How do we know that our pupils are responding to the opportunities for spiritual development that we provide for them? (The so what?) How does the way our curriculum is organised support and/or hinder spiritual development? GODLY PLAY Some possible approaches to support spiritual development
Silence to promote deep thinking/reflection, visualisation, stilling Listening to music to aid thinking/reflection
Creating music in response to thinking/reflection Prayer Reflecting on works of art their meaning and symbolism Creating art in response to thinking/reflection Exploring the meaning of story (especially religious and spiritual) Writing stories/poetry to express meaning and emotions
Discussion about feelings and responses (P4C, community of enquiry) Circle time Reflection diaries Responding to big questions - asking big/rich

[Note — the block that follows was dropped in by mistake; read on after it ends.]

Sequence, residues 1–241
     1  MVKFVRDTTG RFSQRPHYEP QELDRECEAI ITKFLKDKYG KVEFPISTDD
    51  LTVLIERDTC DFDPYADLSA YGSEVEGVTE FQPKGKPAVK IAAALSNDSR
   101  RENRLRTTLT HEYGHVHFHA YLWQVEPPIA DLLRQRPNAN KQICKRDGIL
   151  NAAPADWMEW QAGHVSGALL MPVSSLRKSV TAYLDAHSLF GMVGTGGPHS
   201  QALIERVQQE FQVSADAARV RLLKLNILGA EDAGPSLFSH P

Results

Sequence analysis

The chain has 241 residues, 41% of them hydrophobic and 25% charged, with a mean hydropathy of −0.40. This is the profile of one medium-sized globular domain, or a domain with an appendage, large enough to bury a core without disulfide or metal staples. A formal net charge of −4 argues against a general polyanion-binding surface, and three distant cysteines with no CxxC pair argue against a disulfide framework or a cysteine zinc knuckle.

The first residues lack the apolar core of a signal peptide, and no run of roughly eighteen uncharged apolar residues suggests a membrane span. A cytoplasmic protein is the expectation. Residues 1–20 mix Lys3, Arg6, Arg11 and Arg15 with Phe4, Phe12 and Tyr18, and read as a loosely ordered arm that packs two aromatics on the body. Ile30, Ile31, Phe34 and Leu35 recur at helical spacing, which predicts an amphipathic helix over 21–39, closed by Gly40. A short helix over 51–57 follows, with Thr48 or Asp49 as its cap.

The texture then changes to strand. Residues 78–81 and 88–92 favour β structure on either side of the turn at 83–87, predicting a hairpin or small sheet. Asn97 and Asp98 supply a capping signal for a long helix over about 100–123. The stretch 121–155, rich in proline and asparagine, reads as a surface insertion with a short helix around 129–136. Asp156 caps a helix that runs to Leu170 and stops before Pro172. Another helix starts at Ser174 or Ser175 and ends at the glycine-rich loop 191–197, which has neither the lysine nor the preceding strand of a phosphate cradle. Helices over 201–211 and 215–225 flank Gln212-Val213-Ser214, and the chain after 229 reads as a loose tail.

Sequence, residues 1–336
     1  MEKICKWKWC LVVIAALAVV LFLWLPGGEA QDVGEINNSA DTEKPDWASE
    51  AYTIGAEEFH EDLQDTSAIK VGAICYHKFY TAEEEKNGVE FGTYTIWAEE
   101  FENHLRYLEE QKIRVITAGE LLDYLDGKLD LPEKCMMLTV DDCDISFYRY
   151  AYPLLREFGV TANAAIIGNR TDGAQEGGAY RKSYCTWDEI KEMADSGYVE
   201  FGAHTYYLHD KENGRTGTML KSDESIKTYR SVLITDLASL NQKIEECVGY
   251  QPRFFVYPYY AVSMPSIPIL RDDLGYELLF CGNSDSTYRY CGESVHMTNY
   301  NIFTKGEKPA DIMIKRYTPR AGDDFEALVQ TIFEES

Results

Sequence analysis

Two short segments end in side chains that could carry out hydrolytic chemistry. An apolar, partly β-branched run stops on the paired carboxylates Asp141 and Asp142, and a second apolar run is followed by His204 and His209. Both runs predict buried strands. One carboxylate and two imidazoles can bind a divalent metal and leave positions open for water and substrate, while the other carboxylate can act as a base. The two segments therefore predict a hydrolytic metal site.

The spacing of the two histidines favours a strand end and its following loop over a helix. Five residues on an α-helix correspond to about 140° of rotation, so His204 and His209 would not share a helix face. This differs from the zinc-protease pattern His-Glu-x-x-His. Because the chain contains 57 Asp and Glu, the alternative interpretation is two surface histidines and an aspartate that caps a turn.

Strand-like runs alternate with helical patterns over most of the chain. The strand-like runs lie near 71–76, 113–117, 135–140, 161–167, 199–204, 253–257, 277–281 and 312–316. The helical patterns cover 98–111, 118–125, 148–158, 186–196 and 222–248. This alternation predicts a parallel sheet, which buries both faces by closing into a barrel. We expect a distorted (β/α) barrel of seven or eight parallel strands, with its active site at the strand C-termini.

questions Questions -I wonder at least once a day Big question walls; www wall (we were wondering) Can of worms tin (any ? Any time) Activities to stimulate the imagination and creativity e.g. play Think pair share, thinking hats, group work Self and peer assessment
Imaginative teaching strategies use of Godly Play; role play; freeze frames, hot seating Plan learning from pupils own experiences Use of the senses and alternative forms of expression Higher order questions/thinking HOTS Blooms taxonomy
Spirited Arts competition www.natre.org.uk Outcomes worthwhile and authentic (of use to the community) displayed Meaningful homework such as learning logs see www.learninglogs.co.uk Make notes without words while a story is read to them, create a shape with clay or play dough about a part of the story which they find interesting or makes them think